Step down control circuit 510 may be implemented in a wide variety of manners. By way of example, circuit 510 may be implemented as illustrated in FIG. 11. Circuit 510 is used to monitor data line 502 and to determine when it is appropriate to step down a portion of the power to the signal driving that data line. In this embodiment of the invention as illustrated in FIG. 10, circuit 510 outputs a step down signal A 520 and a step down signal B 522. When asserted low, signal 520 steps down power by twenty-five percent, and signal 522 steps down power by another twenty-five percent for a total of one-half reduction in power. It should be appreciated that power may be stepped down in any size increments and in a multitude of steps. When signal 520 is asserted, this signal is passed to current source 516 and its inverted value is passed to current source 514 via inverter 524 in order to turn off twenty-five percent of the power to differential driver 512. In a similar fashion, when signal 522 is asserted, the signal is passed to current source 516 and its inverted value is passed to current source 514 via inverter 526 in order to further reduce power to differential driver 512 by another twenty-five percent. In this fashion, power to the driver is reduced gradually in steps in order to avoid excess noise.
Differential driver 512 provides normal current for a signal to be driven during and after a first pulse, and also provides normal current before power reduction occurs in a steady state. Driver 512 includes cross-coupled NMOS transistors 530, 532, 534, and 536. Driver 512 provides signals 506 and 508 as shown. Driver 512 receives a current through point 538 from current source 514. Likewise, current source 516 supplies a current through point 540 to the differential driver. Data signal 502 and its inverse data/ 503, are combined with a tri-state controlling signal 550 using gates 552 and 554 respectively, in order to provide driving data for differential driver 512.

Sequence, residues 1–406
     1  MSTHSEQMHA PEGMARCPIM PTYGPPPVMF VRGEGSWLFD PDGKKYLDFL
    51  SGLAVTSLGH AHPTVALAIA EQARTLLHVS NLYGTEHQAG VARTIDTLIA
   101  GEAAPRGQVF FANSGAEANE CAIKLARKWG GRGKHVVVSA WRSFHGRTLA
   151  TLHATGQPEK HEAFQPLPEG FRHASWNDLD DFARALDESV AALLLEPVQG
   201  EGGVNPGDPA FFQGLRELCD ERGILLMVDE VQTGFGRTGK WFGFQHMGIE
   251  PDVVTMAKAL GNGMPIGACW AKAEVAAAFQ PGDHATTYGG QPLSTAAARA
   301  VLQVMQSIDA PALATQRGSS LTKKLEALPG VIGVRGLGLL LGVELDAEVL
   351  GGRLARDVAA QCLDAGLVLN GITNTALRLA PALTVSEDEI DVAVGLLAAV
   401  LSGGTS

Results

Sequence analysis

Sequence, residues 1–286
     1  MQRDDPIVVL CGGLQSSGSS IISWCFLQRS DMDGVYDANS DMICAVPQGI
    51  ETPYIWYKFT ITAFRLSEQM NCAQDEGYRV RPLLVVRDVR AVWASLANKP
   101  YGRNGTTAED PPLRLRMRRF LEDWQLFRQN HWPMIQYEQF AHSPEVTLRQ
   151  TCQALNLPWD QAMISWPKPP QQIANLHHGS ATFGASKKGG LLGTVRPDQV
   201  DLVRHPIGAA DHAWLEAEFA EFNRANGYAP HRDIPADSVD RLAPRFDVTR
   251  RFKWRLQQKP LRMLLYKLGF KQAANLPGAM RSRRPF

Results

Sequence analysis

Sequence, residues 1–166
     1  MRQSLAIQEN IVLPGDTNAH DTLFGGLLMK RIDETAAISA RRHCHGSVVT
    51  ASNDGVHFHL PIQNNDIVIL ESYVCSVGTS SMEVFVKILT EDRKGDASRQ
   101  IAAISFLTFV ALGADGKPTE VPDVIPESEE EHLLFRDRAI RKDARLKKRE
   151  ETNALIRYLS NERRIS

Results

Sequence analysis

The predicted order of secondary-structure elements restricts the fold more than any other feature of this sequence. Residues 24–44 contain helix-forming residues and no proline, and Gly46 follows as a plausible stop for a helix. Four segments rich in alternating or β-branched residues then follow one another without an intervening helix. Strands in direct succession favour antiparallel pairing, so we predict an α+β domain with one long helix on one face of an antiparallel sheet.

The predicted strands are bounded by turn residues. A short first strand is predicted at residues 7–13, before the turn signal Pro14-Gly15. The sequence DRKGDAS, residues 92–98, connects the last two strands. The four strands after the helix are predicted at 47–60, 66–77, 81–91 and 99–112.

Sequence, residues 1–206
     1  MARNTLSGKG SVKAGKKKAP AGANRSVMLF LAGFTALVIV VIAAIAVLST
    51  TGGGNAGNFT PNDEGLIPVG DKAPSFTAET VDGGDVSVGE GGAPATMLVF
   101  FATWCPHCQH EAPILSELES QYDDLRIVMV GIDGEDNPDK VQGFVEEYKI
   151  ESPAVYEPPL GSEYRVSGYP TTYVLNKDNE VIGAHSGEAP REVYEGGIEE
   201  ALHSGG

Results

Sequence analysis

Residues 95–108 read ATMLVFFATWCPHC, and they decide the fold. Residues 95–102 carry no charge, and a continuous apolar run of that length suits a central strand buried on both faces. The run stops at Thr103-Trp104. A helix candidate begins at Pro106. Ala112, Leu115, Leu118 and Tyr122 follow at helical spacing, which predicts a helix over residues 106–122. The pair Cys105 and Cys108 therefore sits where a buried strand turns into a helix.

Current source 514 includes a supply current I(BIAS) 560 connected to transistors 562 and 564. Current source 514 has four legs each of which supplies one fourth of the total current to driver 512 through point 538. The first leg includes transistors 566 and 568. The second leg includes transistors 570 and 572, and the third and fourth legs include transistors 574, 576, 578, and 580, respectively. Supply current 560 maintains transistors 566, 570, 574 and 578 in an “ON” state while transistors 564, 568, and 572 are connected to ground to maintain them in an “ON” state. Transistor 576 is maintained in an “ON” state unless step down signal B 522 is asserted low. Similarly, transistor 580 is maintained in an “ON” state, unless step down signal A 520 is asserted low. In this fashion, step down signals 520 and 522 may each be used to turn off one leg of current source 514, thus reducing power to driver 512 by twenty-five percent for each turned off leg.
Current source 516 may be implemented in a similar fashion as current source 514. By way of example, current source 516 includes a supply current I(BIAS) 580 connected to transistors 582 and 584. Current source 516 has four legs each of which supplies one fourth of the total current to driver 512 through point 540. The first leg includes transistors 586 and 588. The second leg includes transistors 590 and 592, and the third and fourth legs include transistors 594, 596, 598, and 599, respectively. Supply current 580 maintains transistors 586, 590, 594 and 598 in an “ON” state while transistors 584, 588, and 592 are connected to V(cc) to maintain them in an “ON” state. Transistor 596 is maintained in an “ON” state unless step down signal A 520 is asserted low. Similarly, transistor 599 is maintained in an “ON” state, unless step down signal B 522 is asserted low. In this fashion, step down signals 520 and 522 may each be used to turn off one leg of current source 516, thus reducing power to driver 512 by twenty-five percent for each turned off leg.
In one embodiment of the invention, a current of 7 mA from each of current sources 514 and 516 is supplied passing through each of points 538 and 540 to differential driver 512. Thus, a value of 1.75 mA for supply current 560 and for supply current 580 may be used in this embodiment of the invention.
FIG. 11 illustrates one embodiment of step down control circuit 510 of FIG. 10. Of course, circuit 510 may be implemented in a variety of fashions to achieve the desired functionality. Circuit 510 uses inputs data 502 and system clock 504 in order to produce a step down signal A 520 and a step down signal B 522. Circuit 510 includes gate 602, a flip-flop 604, a counter 606 and counter decoding logic 608. In this example, logic 608 is simply a gate 610 (for decoding a count of “3”), and a direct line 612 (for decoding a count of “4”). Circuit 510 also includes a third pulse latch 614, a fourth pulse latch 616, synchronization logic 618 and synchronization logic 620.